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Laramie Movie Scope: Nomadland

A hyperrealistic, road movie

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by Robert Roten, Film Critic
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December 29, 2020 – This unique road movie is a drama (based on the 2017 book Nomadland: Surviving America in the Twenty-First Century by Jessica Bruder). It hews but a hairsbreadth from reality, achieving a documentary feel. I wondered about this remarkable hyperrealism all the way through this movie, wondering how this was achieved. So naturally, I did some research afterward to find out.

Frances McDormand (“Fargo”) stars as as Fern, a widow forced to move from her home when the gypsum factory in Empire, Nevada closes down and the town is abandoned in 2011 due to the Great Recession of the late aughts.

Fern becomes a modern day nomad, living in a van, traveling around the country, working seasonal jobs at places like Amazon fulfillment centers, agricultural harvest jobs and seasonal tourism jobs.

Fern gets along with people and makes friends along the way. Some of them offer her a place to stay, but she is fiercely independent and refuses to stay in one place very long. Of the many people Fern meets during her travels, one of the most remarkable is Bob Wells (playing himself). Wells is a nomad who lives in a van, and has become an inspiration to many with his YouTube channel about van living, CheapRVliving.

In a very emotional scene between Fern and Bob Wells, he tells her, “One of the things I like most about this life is that there is no final goodbye. I've met hundreds of people out here and I don't ever say a final goodbye. I just say, ‘I'll see you down the road,’ and I do, I see them again, and I can be certain in my heart, I'll see you again.”

Wells is the star attraction at his annual Rubber Tramp Rendezvous in Quartzsite, Arizona, where Fern meets several other van lifers. One woman talks frankly about how she had planned her own suicide before becoming mobile and turning her life around. Another woman, Charlene Swankie (playing herself) talks of her plans to make a final visit to far off Alaska to revisit a place where she experienced one of the happiest moments of her life.

The movie includes a wide variety of people, many of them older, living on fixed incomes plus what they can earn from sporadic jobs on the road. One veteran describes his struggles with PTSD, others talk of bouts of depression.

One of those Fern forms a friendship with is Dave (played by actor David Strathairn of “Good Night and Good Luck”). David and Fern keep seeing each other down the road at places like the 76,000 square foot Wall Drug Store and nearby Badlands National Park in South Dakota during tourist season. Strathairn's real life son, Tay Strathairn of “Lone Star,” also appears in this film, playing James, Dave's son.

Frances McDormand was instrumental in the making of this film, a project she and writer-director Chloé Zhao worked on for two years. Even more remarkable is the fact that Zhao was working on pre-production for a big Marvel superhero movie, “Eternals” (2021) at the same time she was working on this movie.

As you might expect, this was filmed in many locations across the United States, and it features a number of nomads playing themselves. Chloé Zhao did her own editing of this movie and it comes together beautifully. She and McDormand also lived in vans themselves during the filming, as did others on the team.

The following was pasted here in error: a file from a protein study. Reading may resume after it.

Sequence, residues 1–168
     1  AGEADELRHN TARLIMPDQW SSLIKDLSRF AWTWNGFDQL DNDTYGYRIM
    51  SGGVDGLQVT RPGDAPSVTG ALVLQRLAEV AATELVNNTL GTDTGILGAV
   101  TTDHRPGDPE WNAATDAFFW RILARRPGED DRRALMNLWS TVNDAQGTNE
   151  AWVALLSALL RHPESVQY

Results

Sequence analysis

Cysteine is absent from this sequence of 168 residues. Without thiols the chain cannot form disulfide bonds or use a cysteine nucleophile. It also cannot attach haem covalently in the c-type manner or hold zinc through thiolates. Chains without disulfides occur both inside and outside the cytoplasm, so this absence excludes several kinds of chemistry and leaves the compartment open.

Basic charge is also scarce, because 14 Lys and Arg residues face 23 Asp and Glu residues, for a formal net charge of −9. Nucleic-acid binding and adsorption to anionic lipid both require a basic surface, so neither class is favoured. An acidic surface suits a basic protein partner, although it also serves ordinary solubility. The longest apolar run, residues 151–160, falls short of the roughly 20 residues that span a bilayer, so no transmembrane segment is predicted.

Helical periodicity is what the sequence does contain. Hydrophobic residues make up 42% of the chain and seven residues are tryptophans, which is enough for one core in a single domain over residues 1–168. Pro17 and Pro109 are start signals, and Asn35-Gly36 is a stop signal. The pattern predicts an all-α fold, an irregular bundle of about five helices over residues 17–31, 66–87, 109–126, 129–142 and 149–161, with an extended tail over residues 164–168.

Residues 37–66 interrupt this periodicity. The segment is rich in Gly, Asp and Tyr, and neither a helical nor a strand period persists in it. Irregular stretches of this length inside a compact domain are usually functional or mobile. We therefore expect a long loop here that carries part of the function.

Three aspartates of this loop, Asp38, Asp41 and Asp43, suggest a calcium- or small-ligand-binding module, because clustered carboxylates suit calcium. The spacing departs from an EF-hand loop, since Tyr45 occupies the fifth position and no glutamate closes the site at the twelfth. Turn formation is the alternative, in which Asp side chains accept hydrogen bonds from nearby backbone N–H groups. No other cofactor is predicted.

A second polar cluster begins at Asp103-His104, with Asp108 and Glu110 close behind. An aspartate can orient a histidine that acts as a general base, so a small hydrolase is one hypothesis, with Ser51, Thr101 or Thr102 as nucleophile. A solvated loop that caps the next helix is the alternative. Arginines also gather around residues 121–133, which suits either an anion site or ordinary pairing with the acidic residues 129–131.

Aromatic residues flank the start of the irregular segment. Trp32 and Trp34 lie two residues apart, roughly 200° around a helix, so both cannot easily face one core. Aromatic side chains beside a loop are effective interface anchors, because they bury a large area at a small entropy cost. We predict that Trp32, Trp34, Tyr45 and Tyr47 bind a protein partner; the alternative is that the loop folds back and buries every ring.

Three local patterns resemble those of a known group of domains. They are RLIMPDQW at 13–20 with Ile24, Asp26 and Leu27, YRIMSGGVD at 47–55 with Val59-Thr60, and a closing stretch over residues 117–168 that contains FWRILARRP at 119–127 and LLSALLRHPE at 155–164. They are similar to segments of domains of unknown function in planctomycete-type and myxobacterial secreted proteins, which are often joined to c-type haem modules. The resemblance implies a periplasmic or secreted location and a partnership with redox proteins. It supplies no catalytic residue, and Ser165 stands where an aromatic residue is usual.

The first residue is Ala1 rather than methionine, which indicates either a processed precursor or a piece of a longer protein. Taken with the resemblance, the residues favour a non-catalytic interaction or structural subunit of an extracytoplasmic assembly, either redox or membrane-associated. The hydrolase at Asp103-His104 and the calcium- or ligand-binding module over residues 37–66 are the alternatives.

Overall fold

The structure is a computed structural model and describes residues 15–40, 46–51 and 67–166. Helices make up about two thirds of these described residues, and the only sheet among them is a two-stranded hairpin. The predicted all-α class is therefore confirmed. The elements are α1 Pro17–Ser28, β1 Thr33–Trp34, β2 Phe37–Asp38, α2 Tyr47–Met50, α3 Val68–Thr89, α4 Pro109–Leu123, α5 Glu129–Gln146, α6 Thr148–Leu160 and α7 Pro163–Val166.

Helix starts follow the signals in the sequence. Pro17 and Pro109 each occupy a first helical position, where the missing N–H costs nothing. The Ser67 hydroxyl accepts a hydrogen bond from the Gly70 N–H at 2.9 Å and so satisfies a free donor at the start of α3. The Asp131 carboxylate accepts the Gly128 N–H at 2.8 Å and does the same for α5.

Part of the secret of the verisimilitude of the film is the way Zhao's assistant, Hannah Peterson, was able to take the real life stories of the nomads and collaborate with them to help create the movie scenes they appear in. Zhao allowed the nomads to choose how they wanted to represent themselves in the movie.

As an evocative portrait of a largely forgotten people living on the margins of the American economy, this film is nearly flawless. Equally, it succeeds as a moving portrait of a woman determined to live much as Henry David Thoreau once did, writing, “I wished to live deliberately, to front only the essential facts of life ... and not, when I came to die, discover that I had not lived.” Fern puts it this way in the movie: She does not want to spend too much of her life remembering the past, rather than experiencing life in the here and now.

Nomadland is a stunning tour de force for Chloé Zhao and Frances McDormand. It seems inevitable that it will win many well-deserved film awards. This film rates an A.

Click here for links to places to buy or rent this movie in digital formats, or to buy the soundtrack, posters, books, even used videos, games, electronics and lots of other stuff (no extra charges apply). I suggest you shop at least two of these places before buying anything. Prices seem to vary continuously. For more information on this film, click on this link to The Internet Movie Database. Type in the name of the movie in the search box and press enter. You will be able to find background information on the film, the actors, and links to much more information.

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Copyright © 2020 Robert Roten. All rights reserved.
Reproduced with the permission of the copyright holder.
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(If you e-mail me with a question about this or any other movie or review, please mention the name of the movie you are asking the question about, otherwise I may have no way of knowing which film you are referring to)

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Robert Roten can be reached via e-mail at dalek three zero one nine at gmail dot com [Mailer button: image of letter and envelope]